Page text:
Get the latest market trends in your inbox

Stay on top of the latest market trends and economic insights with the Axios Markets newsletter. Sign up for free.

Please enter a valid email.

Please enter a valid email.

Subscription failed
Thank you for subscribing!

Catch up on coronavirus stories and special reports, curated by Mike Allen everyday

Catch up on coronavirus stories and special reports, curated by Mike Allen everyday

Please enter a valid email.

Please enter a valid email.

Subscription failed
Thank you for subscribing!

Denver news in your inbox

Catch up on the most important stories affecting your hometown with Axios Denver

Please enter a valid email.

Please enter a valid email.

Subscription failed
Thank you for subscribing!

Des Moines news in your inbox

Catch up on the most important stories affecting your hometown with Axios Des Moines

Please enter a valid email.

Please enter a valid email.

Subscription failed
Thank you for subscribing!

Minneapolis-St. Paul news in your inbox

Catch up on the most important stories affecting your hometown with Axios Minneapolis-St. Paul

Please enter a valid email.

Please enter a valid email.

Subscription failed
Thank you for subscribing!

Tampa-St. Petersburg news in your inbox

Catch up on the most important stories affecting your hometown with Axios Tampa-St. Petersburg

Please enter a valid email.

Please enter a valid email.

Subscription failed
Thank you for subscribing!

Please enter a valid email.

Please enter a valid email.

Subscription failed
Thank you for subscribing!

Uber's headquarters in San Francisco. Eric Risberg / AP

A San Francisco judge (again) delayed Waymo's upcoming trial against Uber after a mysterious letter from a former employee of the ride-hailing company surfaced. The judge granted Waymo's request for more time to prepare for the trial, since the letter had been withheld by Uber.

Why it matters: The letter was uncovered last week, when the Department of Justice contacted the presiding judge about its existence. Though the letter's contents aren't publicly available, and even Waymo's lawyers have only seen a redacted version of it, it appears to contain important information about Uber's acquisition of Otto Trucking. It also appears to explain why the thousands of proprietary files Waymo says its former employee took with him never seemed to have made it onto Uber's computers.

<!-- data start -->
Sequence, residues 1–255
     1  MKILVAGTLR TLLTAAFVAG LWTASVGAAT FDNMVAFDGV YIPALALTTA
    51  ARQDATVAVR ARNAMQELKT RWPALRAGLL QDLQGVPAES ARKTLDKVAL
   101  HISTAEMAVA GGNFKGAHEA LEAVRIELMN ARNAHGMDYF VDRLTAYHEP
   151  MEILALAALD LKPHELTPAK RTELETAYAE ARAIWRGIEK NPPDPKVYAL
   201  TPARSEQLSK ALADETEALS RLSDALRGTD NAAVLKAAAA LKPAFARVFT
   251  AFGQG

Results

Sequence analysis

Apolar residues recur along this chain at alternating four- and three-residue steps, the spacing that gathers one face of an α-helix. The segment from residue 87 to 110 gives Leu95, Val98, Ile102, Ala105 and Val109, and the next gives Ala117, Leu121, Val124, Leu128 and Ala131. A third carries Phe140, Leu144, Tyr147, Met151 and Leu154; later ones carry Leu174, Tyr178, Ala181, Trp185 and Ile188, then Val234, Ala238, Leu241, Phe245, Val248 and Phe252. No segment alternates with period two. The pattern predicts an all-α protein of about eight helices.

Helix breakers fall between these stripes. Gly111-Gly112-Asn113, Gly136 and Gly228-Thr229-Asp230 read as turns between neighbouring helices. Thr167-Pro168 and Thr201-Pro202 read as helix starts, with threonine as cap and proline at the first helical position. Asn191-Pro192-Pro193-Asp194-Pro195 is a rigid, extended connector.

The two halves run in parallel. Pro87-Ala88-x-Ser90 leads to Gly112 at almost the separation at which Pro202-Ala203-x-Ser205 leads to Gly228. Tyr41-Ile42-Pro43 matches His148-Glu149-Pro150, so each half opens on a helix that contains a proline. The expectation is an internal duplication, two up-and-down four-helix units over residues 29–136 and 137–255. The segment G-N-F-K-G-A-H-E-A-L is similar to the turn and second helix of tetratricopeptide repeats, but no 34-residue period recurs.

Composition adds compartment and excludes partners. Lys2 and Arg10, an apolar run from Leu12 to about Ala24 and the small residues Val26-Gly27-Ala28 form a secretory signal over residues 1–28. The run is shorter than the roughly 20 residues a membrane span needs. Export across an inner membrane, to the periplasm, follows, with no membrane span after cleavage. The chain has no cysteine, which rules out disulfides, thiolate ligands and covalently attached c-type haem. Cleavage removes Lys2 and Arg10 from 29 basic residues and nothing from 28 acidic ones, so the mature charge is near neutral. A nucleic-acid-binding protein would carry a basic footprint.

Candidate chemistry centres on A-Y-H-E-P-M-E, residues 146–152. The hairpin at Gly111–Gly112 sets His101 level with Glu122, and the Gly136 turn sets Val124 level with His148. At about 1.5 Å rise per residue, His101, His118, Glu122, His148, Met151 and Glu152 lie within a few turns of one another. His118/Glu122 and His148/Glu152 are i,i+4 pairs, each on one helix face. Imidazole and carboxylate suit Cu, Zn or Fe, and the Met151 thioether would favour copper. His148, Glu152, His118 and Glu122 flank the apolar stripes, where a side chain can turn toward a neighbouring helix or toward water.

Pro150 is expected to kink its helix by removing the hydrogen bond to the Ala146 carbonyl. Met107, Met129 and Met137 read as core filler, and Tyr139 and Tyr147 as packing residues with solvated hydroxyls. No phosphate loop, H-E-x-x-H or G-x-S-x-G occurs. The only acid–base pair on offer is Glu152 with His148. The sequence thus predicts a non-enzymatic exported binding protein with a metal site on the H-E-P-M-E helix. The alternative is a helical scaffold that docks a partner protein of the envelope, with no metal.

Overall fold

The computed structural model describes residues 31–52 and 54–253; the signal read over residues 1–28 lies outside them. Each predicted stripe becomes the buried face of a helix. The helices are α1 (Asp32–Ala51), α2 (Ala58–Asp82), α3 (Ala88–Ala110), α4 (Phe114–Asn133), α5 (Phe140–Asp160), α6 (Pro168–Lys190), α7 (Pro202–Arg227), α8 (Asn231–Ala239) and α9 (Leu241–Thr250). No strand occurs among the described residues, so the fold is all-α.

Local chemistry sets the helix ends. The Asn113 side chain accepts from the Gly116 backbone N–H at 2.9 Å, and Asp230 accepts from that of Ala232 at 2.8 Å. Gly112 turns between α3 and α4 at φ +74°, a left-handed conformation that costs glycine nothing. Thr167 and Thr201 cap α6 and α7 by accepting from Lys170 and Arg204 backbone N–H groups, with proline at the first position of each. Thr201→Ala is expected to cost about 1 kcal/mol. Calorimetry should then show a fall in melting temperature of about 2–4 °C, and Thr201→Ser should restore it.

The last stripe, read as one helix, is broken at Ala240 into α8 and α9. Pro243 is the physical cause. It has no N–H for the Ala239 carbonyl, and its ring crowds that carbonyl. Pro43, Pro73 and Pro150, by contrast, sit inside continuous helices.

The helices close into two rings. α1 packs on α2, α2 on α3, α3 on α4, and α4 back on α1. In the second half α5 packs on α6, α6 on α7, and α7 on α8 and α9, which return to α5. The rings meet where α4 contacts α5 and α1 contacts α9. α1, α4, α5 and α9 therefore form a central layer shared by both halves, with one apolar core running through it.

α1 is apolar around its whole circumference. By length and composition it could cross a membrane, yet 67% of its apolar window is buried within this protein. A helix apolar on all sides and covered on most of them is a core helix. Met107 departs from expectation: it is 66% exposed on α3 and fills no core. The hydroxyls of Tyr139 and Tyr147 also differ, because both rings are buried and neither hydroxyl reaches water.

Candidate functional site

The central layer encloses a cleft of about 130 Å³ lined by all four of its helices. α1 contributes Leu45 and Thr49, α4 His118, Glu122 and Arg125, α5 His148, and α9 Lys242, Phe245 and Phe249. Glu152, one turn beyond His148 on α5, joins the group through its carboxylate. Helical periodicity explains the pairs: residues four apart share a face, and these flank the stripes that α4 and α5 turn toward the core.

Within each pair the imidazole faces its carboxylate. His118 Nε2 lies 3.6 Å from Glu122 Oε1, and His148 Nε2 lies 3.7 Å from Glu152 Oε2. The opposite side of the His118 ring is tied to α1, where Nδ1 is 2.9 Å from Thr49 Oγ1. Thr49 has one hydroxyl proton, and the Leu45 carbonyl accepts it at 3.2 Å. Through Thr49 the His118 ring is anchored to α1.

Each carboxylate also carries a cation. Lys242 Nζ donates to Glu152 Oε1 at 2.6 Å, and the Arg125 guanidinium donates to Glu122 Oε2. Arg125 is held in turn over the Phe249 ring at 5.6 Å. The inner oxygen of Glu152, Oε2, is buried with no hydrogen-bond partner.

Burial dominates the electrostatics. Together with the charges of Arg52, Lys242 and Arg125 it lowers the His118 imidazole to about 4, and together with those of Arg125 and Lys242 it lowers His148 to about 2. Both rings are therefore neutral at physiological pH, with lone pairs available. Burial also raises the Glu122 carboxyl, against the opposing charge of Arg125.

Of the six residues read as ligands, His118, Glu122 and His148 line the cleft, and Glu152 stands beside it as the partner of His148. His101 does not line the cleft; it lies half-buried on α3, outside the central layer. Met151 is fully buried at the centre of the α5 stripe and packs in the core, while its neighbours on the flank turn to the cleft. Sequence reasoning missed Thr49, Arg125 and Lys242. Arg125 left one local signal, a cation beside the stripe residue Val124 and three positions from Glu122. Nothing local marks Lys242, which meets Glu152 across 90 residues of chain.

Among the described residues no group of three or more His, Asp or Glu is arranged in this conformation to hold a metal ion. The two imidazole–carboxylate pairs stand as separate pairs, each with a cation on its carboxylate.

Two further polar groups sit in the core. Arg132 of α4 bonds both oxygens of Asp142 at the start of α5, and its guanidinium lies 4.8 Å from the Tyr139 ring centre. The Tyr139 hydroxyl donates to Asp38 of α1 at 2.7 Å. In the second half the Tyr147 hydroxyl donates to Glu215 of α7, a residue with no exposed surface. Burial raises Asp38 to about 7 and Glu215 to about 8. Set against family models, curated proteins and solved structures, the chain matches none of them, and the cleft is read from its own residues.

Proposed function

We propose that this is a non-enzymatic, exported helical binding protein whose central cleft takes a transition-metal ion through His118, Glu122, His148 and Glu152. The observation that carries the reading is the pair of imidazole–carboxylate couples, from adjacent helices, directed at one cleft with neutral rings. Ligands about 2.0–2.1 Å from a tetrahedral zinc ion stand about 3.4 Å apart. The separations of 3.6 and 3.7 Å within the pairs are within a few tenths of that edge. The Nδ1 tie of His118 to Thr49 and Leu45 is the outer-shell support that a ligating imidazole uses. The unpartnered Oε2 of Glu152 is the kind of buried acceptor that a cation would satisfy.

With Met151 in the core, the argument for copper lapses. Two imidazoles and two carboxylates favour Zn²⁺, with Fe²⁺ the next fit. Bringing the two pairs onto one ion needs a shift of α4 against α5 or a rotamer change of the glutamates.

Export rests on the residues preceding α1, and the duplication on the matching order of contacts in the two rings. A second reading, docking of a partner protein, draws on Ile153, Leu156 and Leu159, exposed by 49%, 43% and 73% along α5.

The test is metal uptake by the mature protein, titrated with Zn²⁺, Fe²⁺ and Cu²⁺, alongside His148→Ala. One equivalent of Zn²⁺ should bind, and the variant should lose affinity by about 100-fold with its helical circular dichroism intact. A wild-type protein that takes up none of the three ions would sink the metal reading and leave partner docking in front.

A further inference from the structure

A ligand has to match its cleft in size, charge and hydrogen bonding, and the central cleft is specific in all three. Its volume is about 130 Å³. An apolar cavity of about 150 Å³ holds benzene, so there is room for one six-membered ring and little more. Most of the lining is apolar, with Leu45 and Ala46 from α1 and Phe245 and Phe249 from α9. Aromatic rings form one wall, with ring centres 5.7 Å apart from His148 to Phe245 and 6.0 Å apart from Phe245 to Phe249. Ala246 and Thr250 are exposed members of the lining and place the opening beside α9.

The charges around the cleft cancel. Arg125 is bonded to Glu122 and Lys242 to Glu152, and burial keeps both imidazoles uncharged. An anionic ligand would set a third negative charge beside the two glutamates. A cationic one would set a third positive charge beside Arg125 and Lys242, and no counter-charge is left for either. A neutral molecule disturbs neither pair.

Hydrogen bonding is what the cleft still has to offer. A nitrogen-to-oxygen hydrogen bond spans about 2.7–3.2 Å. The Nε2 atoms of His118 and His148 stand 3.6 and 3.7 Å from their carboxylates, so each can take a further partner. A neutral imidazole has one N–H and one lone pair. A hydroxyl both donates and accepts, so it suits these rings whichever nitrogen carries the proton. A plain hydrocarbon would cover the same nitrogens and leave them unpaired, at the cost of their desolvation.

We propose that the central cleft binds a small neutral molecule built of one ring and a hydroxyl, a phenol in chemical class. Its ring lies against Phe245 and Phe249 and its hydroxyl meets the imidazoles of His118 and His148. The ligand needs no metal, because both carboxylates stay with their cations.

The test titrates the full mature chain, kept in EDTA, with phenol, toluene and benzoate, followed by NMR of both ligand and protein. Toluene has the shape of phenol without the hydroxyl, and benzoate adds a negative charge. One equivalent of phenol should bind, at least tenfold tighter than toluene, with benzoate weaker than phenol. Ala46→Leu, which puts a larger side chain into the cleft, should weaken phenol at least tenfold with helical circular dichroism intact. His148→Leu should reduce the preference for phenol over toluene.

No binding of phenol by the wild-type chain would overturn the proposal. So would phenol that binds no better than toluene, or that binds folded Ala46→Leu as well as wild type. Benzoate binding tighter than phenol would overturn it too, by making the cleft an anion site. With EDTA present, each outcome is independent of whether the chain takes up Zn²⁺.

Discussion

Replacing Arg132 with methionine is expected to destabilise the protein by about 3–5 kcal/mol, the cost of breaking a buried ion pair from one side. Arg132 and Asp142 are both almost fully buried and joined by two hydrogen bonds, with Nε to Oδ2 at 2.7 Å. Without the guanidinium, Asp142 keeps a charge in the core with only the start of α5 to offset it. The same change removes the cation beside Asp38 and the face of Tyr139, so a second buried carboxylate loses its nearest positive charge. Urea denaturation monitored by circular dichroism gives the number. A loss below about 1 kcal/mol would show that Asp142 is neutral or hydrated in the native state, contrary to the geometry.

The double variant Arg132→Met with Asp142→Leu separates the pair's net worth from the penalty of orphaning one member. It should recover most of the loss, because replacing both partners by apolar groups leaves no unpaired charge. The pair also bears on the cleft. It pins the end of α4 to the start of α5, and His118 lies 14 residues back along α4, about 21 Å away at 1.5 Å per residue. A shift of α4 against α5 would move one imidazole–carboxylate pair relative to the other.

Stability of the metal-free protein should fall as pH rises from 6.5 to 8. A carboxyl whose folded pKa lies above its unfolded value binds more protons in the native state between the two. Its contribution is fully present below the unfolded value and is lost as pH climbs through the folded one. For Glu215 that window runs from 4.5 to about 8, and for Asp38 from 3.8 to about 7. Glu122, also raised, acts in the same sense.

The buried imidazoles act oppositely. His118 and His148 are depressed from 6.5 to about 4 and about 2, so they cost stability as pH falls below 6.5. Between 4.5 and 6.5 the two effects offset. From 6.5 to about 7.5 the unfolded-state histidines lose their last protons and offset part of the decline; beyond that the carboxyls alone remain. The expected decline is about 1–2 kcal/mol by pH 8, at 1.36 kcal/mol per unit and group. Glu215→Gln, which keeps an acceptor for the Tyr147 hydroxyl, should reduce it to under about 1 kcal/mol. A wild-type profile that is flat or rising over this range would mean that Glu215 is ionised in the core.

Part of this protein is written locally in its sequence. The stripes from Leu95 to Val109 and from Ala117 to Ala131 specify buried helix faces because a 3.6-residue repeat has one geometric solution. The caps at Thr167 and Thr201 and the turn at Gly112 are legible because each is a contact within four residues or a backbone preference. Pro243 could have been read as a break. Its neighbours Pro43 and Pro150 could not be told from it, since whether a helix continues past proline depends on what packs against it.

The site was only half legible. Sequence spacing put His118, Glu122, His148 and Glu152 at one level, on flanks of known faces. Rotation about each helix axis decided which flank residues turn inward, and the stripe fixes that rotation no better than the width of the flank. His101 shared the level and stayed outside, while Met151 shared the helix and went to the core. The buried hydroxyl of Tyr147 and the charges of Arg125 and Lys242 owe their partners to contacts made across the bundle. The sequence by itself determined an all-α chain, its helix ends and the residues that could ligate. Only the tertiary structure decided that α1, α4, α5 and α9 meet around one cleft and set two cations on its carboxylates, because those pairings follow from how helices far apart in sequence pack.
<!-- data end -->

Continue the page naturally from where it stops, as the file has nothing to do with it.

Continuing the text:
What we know about the letter:

  • It was sent by a lawyer for then-Uber risk analyst Richard Jacobs on May 7, 2017 to then-Uber assistant general counsel Angela Padilla.
  • Uber never mentioned the letter's existence to Waymo or the court, though Waymo says it should have because it pertains to several document requests it made as part of the discovery process.
  • The letter appears to contain information about sensor-related work done by Anthony Levandowski, the former Waymo employee whose startup Uber acquired.
  • Also, "the Jacobs Letter indicates that there may be a very good reason why the '14,000 files in question' were supposedly not found on Uber's servers," in reference to the Waymo documents Levandowski allegedly took.
  • Court documents (which are heavily redacted) hint that the letter shows that Uber hid or destroyed evidence relevant to this lawsuit, and did the same as part of its acquisition of Levandowski's company last year.
  • Based on the letter, Waymo says it now needs to interview several Uber employees and agents, including former CEO Travis Kalanick and former security chief Joe Sullivan.

Go deeper

3 mins ago - Politics & Policy

Patrick Gaspard to leave George Soros' Open Society Foundations

Patrick Gaspard speaks onstage at the 2020 Sundance Film Festival. Photo: Ernesto Distefano/Getty Images

Patrick Gaspard, who served as ambassador to South Africa under President Barack Obama, is stepping down as president of George Soros' Open Society Foundations, fueling speculation that he'll join the Biden administration, potentially as Labor secretary.

What to know: Before his stint as ambassador, Gaspard was Obama's political director in the White House, drawing upon his experience in the labor movement to advance Obama's legislative agenda on health care and financial services reform.

House passes bill to decriminalize marijuana

Rep. Earl Blumenauer (D-Ore.), a longtime marijuana legalization advocate and co-sponsor of the bill. Photo: Pete Marovich For The Washington Post via Getty Images

The House on Friday voted 228-164 in favor of the Marijuana Opportunity Reinvestment and Expungement (MORE) Act, marking the first time a congressional chamber has voted in favor of decriminalizing marijuana at the federal level.

Why it matters: The Washington Post describes the bill as a "landmark retreat in the nation’s decades-long war on drugs," which has disproportionately affected people of color.

Updated 21 mins ago - Politics & Policy

Coronavirus dashboard

Illustration: Aïda Amer/Axios

  1. Politics: Fauci says he accepted Biden's offer to be chief medical adviser "on the spot" — Biden plans to ask public to wear masks for first 100 days in office.
  2. Health: Coronavirus death rates rising across the country — Study: Increased COVID-19 testing can reduce transmission — Hospitalizations top 100,000 for the first time.
  3. Economy: U.S. economy adds 245,000 jobs in November as recovery slows — America's hidden depression: K-shaped recovery threatens Biden administration.
  4. Vaccine: What COVID-19 vaccine trials still need to do — Obama, Bush and Clinton willing to take vaccine in public —WSJ: Pfizer expects to ship half as many COVID vaccines as planned in 2020.